The Primitive Mind and Modern Man

Indexed in: Scopus, EBSCO

This book is in the field of cultural anthropology and transcultural psychology, and is intended for college courses in anthropology and psychology, and general readership. The book focuses on ...
[view complete introduction]

US $
15

*(Excluding Mailing and Handling)



Treatment of the Dead

Pp. 192-200 (9)

John Alan Cohan

Abstract

There are diverse cultural and religious values concerning how people show respect for the dead, and in beliefs about what happens to the soul after death. All cultures apparently believe that the body of the deceased has a certain status that needs to be respected, as well as grave sites. In many cultures anyone’s death, except perhaps for the very old, is attributed to sorcery. This may entail a revenge expedition or demand for compensation. Ancestral worship is both an ancient and modern practice. The belief that the soul continues to live after one dies extends to the idea that dead ancestors interact with the living in one way or another, that they take an interest in the lives of loved ones, that they appreciate the prayers of the living. Ancestral shrines are often built as a place to worship ancestors. Ancestors to whom obligations have not been discharged are liable not only to withhold their guidance, but can be potentially dangerous by sending illness and disaster. The belief in ghosts is widespread in primitive and modern cultures alike, and it is not uncommon for people to believe that they are being harassed by ghosts in their homes. In honoring the dead, all cultures, now as in ancient times, have customs regarding funeral rites and mourning, each unique in its own way, ranging from rock burial, cremation, mummification, embalming, or feeding the corpse to carnivorous animals. A famous cremation ritual in Bali involves a dance with strong emotional outbursts and the outright abuse of the corpses, and it is expected that people will engage in the overt expression of hostility towards the deceased. Where practiced, mortuary cannibalism is motivated by the belief was that by consuming another’s flesh, one acquires some characteristic of the person eaten. In some cultures it is the custom to burn a dead person’s house and personal belongings, burn or give away crops planted by the deceased, and avoid using the dead person’s name. In numerous cultures there is great reverence shown for the skull of the deceased. Sometimes, after burial and the lapse of time, skulls are unearthed in mortuary ceremonies, decorated and then given a secondary burial in caves or other sacred places. In Madagascar there is a custom to open ancestral tombs for the purpose of rewrapping the corpses with new silk shrouds every six or seven years.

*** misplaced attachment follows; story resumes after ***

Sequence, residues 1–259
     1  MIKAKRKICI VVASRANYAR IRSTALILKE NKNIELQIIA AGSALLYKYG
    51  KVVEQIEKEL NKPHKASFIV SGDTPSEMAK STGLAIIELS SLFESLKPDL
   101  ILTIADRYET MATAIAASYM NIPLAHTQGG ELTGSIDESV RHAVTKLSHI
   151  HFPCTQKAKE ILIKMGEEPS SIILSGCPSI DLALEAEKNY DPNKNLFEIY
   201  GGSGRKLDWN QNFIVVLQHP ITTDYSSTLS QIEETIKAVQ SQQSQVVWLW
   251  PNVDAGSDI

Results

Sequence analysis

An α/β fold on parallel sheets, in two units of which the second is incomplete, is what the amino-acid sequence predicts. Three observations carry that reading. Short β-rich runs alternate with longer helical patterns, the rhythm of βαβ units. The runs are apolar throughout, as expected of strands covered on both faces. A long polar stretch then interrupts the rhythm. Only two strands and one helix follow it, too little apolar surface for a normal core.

Affiliation:

Western State Law School USA.